HR Q & A


Questions you could be asked in an interview

Q.: Tell me about yourself. (They “want to hear you talk”)
A.: This is a commonly asked question designed to break the ice. Describe your qualifications, career history and your range of skills. Emphasize those skills that are relevant to the job on offer.

Q.: What have been your achievements to date? (They interviewer wants to find whether “you are an achiever?”)
A.: Again this is a common question so be prepared. Select an achievement that is recent. Identify skills you used in the achievement and quantify the benefit.

Q.: What do you dislike about your current role? (Question to find out if job on offer has responsibilities you will dislike)
Be careful with this one. One approach is to choose a characteristic of your present company such as its size, its slow decision making process etc. Give your answer with the air of someone who takes problems and frustrations in your stride, as part of the job. Do not complain.

Q.: What are your strengths? (What are you good at and how it is going to add value?)
A.: This is one question you will certainly be asked, so there’s no excuse for being unprepared. Concentrate on discussing your main strengths. List three or four explanations of how they could benefit the employer.

Q.: What are your greatest weaknesses? (The interviewer is asking about your self-perception and self-awareness)
A.: Don’t say you don’t have any. We all have weaknesses. Either use a professional weakness such as a lack of experience (not ability) on your part in one area that is not vital for the job, or use a personal weakness and show the steps that you have taken to combat it. An example would be, “I’m not very good at delegating but I’m learning to pass work on to colleagues by sitting down on a weekly basis and splitting the workload”.

Q.: Tell me the most difficult situation you have had to face and how you tackled it? (What means “difficult” to you and can you show a logical approach to it?)
A.: Select a difficult work situation that was not caused by you. Explain how you defined the problem and what solution you applied to overcome the problem.

Q.: What kind of decision do you find most difficult? (Are you strong and decisive enough but still with a human side?)
A.: Try to focus on decisions you have made without sufficient information. This will show your positive side. For example, “I like to make decisions based on sufficient information and having alternatives. When you have to make quick decisions you have to rely on “gut feeling” and experience.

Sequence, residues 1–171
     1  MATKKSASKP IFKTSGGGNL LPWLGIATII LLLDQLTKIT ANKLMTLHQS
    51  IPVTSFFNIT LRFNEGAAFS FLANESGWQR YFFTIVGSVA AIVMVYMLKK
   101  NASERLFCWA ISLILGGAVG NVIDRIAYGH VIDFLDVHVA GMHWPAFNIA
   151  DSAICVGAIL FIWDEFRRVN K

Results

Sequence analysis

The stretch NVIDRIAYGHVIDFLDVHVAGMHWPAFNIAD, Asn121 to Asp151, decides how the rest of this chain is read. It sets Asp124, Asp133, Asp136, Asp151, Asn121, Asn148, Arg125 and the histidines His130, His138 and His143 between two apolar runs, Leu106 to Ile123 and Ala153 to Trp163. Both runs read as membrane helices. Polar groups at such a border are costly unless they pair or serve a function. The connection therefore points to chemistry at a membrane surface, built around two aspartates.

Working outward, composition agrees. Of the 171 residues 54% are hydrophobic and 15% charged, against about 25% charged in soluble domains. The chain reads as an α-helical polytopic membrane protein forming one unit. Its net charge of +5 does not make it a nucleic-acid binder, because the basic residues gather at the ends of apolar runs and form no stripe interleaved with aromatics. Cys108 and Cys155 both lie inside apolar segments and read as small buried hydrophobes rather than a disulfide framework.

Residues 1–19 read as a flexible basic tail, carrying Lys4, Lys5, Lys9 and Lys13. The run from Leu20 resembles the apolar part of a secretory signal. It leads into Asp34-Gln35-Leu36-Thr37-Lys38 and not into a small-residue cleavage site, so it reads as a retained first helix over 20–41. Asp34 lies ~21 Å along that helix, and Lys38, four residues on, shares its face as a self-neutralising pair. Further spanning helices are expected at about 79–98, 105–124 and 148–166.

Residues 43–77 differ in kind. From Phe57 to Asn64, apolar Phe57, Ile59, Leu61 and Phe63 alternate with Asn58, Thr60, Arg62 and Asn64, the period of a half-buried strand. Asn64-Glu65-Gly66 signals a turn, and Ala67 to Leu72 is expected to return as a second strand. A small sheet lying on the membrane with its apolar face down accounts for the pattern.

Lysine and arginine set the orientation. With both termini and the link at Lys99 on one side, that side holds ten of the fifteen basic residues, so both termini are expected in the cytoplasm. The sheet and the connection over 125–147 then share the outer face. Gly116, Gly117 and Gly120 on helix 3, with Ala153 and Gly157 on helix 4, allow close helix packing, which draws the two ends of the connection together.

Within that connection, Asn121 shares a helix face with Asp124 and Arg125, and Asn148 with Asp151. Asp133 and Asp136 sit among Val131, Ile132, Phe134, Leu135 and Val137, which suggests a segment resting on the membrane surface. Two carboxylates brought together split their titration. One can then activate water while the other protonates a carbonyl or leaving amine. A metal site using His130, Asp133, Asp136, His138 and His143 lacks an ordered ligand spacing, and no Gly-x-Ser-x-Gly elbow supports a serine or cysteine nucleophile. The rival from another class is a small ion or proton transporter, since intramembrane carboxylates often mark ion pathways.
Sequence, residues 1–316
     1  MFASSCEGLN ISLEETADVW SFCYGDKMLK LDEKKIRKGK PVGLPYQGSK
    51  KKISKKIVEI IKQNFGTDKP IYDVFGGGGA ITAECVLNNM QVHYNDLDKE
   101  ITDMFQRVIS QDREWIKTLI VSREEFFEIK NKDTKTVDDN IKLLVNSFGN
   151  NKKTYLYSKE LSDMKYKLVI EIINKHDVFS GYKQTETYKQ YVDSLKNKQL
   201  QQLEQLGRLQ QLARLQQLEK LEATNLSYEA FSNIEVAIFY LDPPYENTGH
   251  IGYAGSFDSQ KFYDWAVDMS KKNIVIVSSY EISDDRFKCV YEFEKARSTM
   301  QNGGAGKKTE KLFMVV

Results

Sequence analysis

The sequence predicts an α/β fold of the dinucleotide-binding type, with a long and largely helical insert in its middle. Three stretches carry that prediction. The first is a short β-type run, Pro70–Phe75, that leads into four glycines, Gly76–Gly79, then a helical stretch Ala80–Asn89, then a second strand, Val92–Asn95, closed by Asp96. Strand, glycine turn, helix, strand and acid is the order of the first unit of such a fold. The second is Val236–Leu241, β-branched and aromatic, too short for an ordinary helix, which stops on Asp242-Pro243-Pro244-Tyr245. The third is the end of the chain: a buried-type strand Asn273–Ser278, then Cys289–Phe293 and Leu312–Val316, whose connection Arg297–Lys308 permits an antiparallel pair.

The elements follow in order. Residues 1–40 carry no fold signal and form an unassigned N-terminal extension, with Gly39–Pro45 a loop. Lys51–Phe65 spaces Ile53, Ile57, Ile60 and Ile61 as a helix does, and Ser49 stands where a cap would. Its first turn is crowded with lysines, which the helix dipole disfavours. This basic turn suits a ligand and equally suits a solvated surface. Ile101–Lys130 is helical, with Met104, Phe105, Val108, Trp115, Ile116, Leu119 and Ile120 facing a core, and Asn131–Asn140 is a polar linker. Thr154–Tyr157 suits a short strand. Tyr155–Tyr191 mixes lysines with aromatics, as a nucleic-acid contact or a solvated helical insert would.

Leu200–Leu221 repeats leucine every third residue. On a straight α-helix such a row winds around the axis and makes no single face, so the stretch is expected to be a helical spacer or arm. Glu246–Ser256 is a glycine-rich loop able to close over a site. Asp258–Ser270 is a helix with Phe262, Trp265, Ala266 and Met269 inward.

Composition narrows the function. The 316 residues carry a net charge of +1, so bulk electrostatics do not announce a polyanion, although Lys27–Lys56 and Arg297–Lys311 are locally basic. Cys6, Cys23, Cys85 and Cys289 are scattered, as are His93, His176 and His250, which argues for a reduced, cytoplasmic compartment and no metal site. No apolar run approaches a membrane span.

Q.: Why do you want to leave your current employer? (The interviewer is trying to understand and evaluate your motives for moving)
A.: This should be straightforward. State how you are looking for more challenge, responsibility, experience and a change of environment and explain why you feel you are no longer receiving these things from your current role. For example, “I have been with my company for four years and feel I have learnt as much about their x function as possible and there is no opportunity for a more senior role at present”.

Questions you should ask in an interview 

Things your should want to know You will probably be given the opportunity to ask questions. Make use of it, but do not ask just for the sake of being active. Sometimes people ask about obvious things or things already discussed. Ask only if you are really interested and if it matters to you at that stage. Here are some examples:

  • How has the position become vacant?
  • How will you assess my performance?
  • How does the role fit into the structure of the department?
  • How does the department fit into the organization as a whole?
  • Who will I report to and are there persons reporting to me?
  • Where does my line manager fit into the structure?
  • What encouragement is given to undertake further training?
  • Who are your customers?
  • Where is the company going?
  • Expansion plans?
  • Where is the specific location of the position?
  • Will the position entail traveling?


  • There may be an explanation of how the process will continue. If not, ask.
  • Try to find out when you should hear back but do not be pushy as some recruiters will not want to commit themselves to timescales until they have had time to consider all candidates.
  • At the end, thank your interviewer for his or her time and shake hands.
  • Remember to say a personal goodbye to each person you talked to.


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